When JLC asked me to review DeWalt's new 10-inch model DWE7491RS jobsite table saw and rolling stand earlier this year, I quickly agreed. At the time, we were using a compact DeWalt DWE7480, a DeWalt DW744X with a scissor stand, and a Bosch 4000 mounted on Bosch's TS2000 rolling "Gravity-Rise" stand. We wanted to see if the new mobile DeWalt would be an upgrade.
After we had used the saw for several months, DeWalt rolled out the DWE7499GD, which has a "Guard Detect" warning switch but is otherwise identical to the DWE7491RS. So we also tried that model to see if the enhanced switch was worth the extra cost.
Out of the box, it took me roughly 20 minutes to assemble each stand and bolt down both saws. I quickly verified that the blades were square to the table tops at 90 degrees and were parallel to the rip fences and miter-gauge slots. After I aligned the throat plates flush with the table tops using four adjustment screws, the saws were ready for action.
If you visit dewalt.com, you can view several videos that clearly demonstrate the key features of these saws. Built on a tubular-steel roll cage, the saws use DeWalt's signature rack-and-pinion fence-adjustment system, but the maximum rip capacity has been stretched to a class-leading 32 1/2 inches. Our other table saws can rip 4-foot-wide panels in half, so we can already rip them to any dimension, but the extra support to the right of the blade is occasionally helpful. A separate strip of extruded aluminum flips over the top of the fence from right to left to support the right-hand edge of your stock when you're making wide rips. With a quick adjustment, it can also serve as a low auxiliary fence to make narrow ripping safer and easier. A push stick is clipped to the back of the fence within easy reach.
The miter gauge is small and flimsy, with no positive stops. That matters to us because these table saws can crosscut and miter wider stock than our sliding-compound miter saws.
Like all of the latest jobsite table saws, the two DeWalts feature a modular tool-free safety system that is clearly not an afterthought. It includes a blade guard that's permanently attached to a splitter, separate anti-kickback pawls that quickly snap on, and a separate riving knife that can be used instead of the guard assembly. The guard assembly has a rear dust port that helps eject sawdust away from the table and can hook to a vacuum.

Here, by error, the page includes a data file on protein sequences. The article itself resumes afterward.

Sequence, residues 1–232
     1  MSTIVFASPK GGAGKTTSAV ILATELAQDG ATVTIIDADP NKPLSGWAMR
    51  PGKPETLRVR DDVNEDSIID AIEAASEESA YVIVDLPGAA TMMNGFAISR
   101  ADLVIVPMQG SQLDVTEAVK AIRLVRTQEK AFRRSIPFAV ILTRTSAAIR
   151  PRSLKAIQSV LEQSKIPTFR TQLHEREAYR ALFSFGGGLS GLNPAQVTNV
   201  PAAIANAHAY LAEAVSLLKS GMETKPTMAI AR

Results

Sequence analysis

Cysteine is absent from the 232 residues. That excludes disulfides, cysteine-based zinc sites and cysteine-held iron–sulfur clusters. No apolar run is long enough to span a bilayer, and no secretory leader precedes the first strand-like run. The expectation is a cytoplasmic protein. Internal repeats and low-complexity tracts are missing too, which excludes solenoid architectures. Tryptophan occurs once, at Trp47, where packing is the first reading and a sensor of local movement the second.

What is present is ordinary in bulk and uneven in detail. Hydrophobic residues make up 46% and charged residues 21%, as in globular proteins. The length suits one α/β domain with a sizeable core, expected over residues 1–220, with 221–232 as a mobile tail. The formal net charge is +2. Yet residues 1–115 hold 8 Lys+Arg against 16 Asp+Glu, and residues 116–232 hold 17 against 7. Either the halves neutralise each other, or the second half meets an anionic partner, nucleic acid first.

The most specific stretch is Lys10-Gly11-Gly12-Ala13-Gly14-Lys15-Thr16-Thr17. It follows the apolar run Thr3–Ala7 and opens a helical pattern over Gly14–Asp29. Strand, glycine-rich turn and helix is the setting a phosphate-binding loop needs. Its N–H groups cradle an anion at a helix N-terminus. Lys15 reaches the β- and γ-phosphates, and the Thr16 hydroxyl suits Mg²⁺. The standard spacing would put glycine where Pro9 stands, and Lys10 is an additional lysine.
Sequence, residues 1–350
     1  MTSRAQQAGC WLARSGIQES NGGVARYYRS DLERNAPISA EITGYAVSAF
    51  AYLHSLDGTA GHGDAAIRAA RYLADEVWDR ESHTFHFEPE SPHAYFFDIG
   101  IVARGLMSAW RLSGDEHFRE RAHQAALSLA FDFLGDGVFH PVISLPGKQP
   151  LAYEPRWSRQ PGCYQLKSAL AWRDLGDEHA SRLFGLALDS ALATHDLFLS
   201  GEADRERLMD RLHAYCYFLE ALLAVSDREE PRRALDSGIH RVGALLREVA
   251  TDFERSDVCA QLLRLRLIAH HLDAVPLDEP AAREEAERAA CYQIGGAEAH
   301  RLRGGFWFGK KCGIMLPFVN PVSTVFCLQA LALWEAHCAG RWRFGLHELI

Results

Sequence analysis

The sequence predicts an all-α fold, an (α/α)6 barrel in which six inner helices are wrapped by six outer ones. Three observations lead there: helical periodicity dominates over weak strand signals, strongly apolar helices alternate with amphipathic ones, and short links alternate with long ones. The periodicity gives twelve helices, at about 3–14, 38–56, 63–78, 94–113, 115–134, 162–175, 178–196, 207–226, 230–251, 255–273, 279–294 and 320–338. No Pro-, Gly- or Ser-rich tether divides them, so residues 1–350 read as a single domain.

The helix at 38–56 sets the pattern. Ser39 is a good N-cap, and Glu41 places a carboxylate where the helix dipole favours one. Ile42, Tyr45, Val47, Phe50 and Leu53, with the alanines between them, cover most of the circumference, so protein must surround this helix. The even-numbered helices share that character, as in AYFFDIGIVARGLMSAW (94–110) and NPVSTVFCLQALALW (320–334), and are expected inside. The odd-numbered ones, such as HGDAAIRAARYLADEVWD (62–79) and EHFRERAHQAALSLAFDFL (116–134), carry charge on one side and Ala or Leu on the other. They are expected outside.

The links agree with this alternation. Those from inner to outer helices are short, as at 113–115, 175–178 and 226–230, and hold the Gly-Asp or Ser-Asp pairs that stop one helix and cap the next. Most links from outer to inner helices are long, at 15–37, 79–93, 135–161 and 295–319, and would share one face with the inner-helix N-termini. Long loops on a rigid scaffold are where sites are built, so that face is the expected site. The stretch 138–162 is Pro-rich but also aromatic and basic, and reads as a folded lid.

To install or remove the guard assembly or the riving knife, you simply raise the blade all the way up, pull the release lever at the left end of the saw table, and slip the splitter or riving knife in or out. We normally don't use blade guards with our jobsite table saws because they often get in the way, but this system is so well designed that we're all at least using the riving knives to prevent binding.
The unique Guard Detect on/off switch on the DWE7499GD works like a typical paddle switch when the blade guard is properly installed. If you try to switch on the saw without the guard installed, however, a flashing light warns that the blade is unguarded. You then have to turn the switch's bypass knob once to start the saw, and you have to repeat this two-stage actuation every time you turn on the unguarded saw. This procedure does remind us to work safely, but it currently adds $150 or more to the cost of the saw.
The included accessories all stow beneath the saw table for transport and storage. Unfortunately, you can't carry spare blades on the saw like you can on a couple of our other saws. We regularly use several blades for different applications, and onboard storage saves trips to the truck.
On The Job
Folded up, the 90-pound rigs are easy to load into and out of our vans and pickups, though they won't quite fit under a tonneau cover. They also roll easily around our jobsites on two firm wheels that offer a satisfactory amount of cushion.
Setup is simple. First, with the stand resting upright, you unfold all four legs toward you until they snap into the locked position. Foot pedals allow you to release and extend the two bottom legs without bending over. With the legs extended, you then pull the stand's top handle to tip the saw up onto them. Reversing the process is just as easy.
Equipped with the factory blade, the saw effortlessly ripped everything from 100-year-old reclaimed 1-by fir with rock-hard knots to 3-inch-thick Douglas fir. Working solo, I also ripped full siding and sheathing panels. The splayed legs gave the stands exceptional stability without creating a tripping hazard and held firm even while I fed the sagging panels from well behind the saw. Overall, we think these rock-solid stands are a more important safety feature than the modular blade guards.
The saws efficiently eject most of the sawdust out the back and away from the saw with or without the blade guard installed. Dust collection was about average when we hooked a vacuum to the main dust port, and improved a bit when we hooked a second vacuum to the blade guard, though we still weren't dust-free. Mysteriously, DeWalt doesn't sell a Y-connector that would allow you to hook one vacuum to both ports, though woodcraft.com reportedly carries accessories that can do the job.
The Bottom Line
If we needed a new jobsite table saw, I'd definitely consider buying the DeWalt DWE7491RS. It's mobile, easy to set up, precise, powerful, and stable. If DeWalt would add onboard blade storage and a better miter gauge, the saw would be even better. The Guard Detect safety switch on the otherwise identical DWE7499GD works as advertised but costs a pretty penny. That added expense wouldn't make sense for us.
Josh Dunlap is production manager of Consolidated Design & Construction Group, a residential design/build remodeling contractor in St. Louis.